Wednesday, January 09, 2008

What is Luxury? Town & Country: Luxe is a Moving Target

What is luxury: time, money, big houses, or fancy stuff? In the age of frugal living, globalization and online shopping, the definition of luxury has radically changed. I have my own ideas about luxury (see below) but I was intrigued by the Town & Country special issue on luxe living.

The January 2008 Editor's Letter by Pamela Fiori provides an excellent overview of the topic. Here's a summary with a few of my comments thrown in:

How Luxury Has Changed:
  • Less exclusivity: "The luxury industry is no longer the small, exclusive club of a few-well established brands, most of them French or Italian." -- Pamela Fiori/T&C **Frugal Translation: Don't be a slave to expensive labels or expensive marketing campaigns.
  • Production shifts: The world of luxury no longer means hand-made items in limited supply. **Frugal Translation: Merchandise does not have to be scarce, expensive or heavily hyped to be luxurious. Define luxury in your own terms.
  • New demographics/flea market finds: Old-school T&C luxury couple -- White married couple in formal clothing in a period room decorated with Old Masters paintings and formal family portraits. New-age T&C luxury couple: "[Not] necessarily white, married or even heterosexual." This couple appears in T&C dressed in casual clothing and vintage jewelry, in a home filled with eclectic furniture (including flea market finds and custom-built items) and digital art. **Frugal Translation: Luxury is being comfortable with who you really are and where you really live. Flea market finds are just as good as high-end labels.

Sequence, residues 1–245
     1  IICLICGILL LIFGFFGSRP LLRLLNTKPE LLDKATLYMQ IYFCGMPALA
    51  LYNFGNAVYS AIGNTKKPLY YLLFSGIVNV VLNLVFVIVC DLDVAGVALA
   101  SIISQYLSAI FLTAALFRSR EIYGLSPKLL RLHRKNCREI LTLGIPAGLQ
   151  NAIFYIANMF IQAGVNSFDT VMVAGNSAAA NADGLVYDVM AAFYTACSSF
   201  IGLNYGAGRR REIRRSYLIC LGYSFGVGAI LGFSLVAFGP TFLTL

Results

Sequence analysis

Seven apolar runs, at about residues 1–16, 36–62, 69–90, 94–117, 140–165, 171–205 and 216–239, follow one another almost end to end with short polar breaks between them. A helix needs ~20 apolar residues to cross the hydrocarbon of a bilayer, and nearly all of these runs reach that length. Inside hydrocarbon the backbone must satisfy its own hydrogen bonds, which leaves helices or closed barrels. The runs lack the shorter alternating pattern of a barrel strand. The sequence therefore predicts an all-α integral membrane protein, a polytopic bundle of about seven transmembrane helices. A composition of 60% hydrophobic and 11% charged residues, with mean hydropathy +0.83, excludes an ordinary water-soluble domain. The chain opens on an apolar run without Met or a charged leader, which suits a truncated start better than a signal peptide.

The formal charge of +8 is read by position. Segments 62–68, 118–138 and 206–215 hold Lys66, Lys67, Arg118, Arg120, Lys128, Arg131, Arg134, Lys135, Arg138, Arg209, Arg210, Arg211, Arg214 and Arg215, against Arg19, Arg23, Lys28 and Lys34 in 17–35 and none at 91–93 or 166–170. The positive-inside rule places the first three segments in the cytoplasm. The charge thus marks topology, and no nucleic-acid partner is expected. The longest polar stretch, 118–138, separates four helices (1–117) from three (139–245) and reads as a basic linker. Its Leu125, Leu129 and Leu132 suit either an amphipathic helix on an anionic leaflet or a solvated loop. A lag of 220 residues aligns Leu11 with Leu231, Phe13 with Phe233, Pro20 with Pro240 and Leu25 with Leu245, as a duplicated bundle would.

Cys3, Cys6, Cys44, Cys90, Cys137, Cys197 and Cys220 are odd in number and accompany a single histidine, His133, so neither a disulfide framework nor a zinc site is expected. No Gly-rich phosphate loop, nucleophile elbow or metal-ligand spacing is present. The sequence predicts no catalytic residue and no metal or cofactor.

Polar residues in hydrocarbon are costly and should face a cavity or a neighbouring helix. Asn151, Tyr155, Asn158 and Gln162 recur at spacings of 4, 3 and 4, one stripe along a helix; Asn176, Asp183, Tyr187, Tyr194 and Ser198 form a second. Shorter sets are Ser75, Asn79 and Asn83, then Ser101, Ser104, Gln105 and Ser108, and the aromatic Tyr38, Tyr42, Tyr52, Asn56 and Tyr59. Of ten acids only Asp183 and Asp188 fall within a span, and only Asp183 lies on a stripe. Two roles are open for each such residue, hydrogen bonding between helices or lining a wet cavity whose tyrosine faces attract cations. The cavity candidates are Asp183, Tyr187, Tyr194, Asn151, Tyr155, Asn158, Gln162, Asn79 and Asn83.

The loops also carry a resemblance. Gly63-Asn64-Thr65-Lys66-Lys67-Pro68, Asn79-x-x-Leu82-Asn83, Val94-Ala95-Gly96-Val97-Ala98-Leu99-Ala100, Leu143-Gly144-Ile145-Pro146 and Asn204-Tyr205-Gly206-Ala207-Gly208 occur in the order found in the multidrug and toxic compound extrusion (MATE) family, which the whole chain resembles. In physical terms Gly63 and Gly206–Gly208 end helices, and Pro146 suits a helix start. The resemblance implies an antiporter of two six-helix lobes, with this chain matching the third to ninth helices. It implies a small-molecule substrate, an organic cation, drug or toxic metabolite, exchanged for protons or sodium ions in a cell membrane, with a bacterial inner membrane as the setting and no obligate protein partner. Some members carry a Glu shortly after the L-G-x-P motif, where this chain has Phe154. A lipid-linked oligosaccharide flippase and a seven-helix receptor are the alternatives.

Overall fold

• The wannabe market & the ripoffs: Global production and online shopping have created an unusual playing field in the luxury market. Smaller and mid-ranged players have more clout and produce genuine quality merchandise. But the rip-offs and the me-too players are also out there: "Other lower-level enterprises just want easy entry and are making the claim of being luxury when they really aren't." --T&C **Frugal Translation: Watch your back. Watch out for fakes. Don't overpay. It's all made in China anyway.

Non-Material Definitions of Luxury:

Luxury is not just about stuff. Here are some of the other perks mentioned by T&C
  • quality time
  • privacy
  • space
  • a good haircut
  • spa dates
  • manicures, etc.
My Definition of Luxury/My Wish List
  • Vacations without work, email or computer. (It would feel almost decadent to go on a vacation and not work for even an hour. Note: I understand that I am very fortunate to have work.)
  • More time with my family, including my parents, siblings and extended family.
  • Long walks every day.
  • More beach days.
  • Professional help with housework.
  • A cone of ice cream (at least once a week).
  • More sleep.
  • A quarterly spa date tune-up.
  • Extra time to write fiction.
  • A monthly museum date.
  • Time to donate hours to my children's schools.
  • An elegant restaurant meal.
  • A weekend stay at a four- or five-star hotel.
  • Season tickets for the Miami Heat.
  • Personal yoga trainer.
  • Health insurance. (That's a real luxury!)

Bottom Line: My definition of luxury primarily involves having the time, energy & money to fully enjoy my family without worrying about the next paycheck, bills or work. It's also a luxury to have time to relax. But as I look at my list, I realize that I can tap into some of those luxuries at any time. I just have to jump off of the treadmill of worry. Luxury is not all about the money; it's my attitude also.

Previous Posts:

Reformed Spenders Provide 10 Ways to Save in 2008
Barking Dogs, Stinking Turtles and Sick Hamsters Taught Me About Money
Cheap Travel Guide: Month-by-Month, City-by-City Hotel Savings Rates
Be Smart about Face Time & Other Tips for Building Job Security
Sharon Harvey Rosenberg is the author of The Frugal Duchess of South Beach: How to Live Well and Save Money... Anywhere!, which will be published in the Spring of 2008 by DPL Press.


1 comment:

Katie Gregg said...

How right you are. Some of my favorite luxuries are simple and cheap: a midafternoon nap, a hot bath, uninterrupted time to read, and so on. Taking time to enjoy these small pleasures helps eliminate any feelings of deprivation that come from being frugal (and we all get those feelings...sometimes).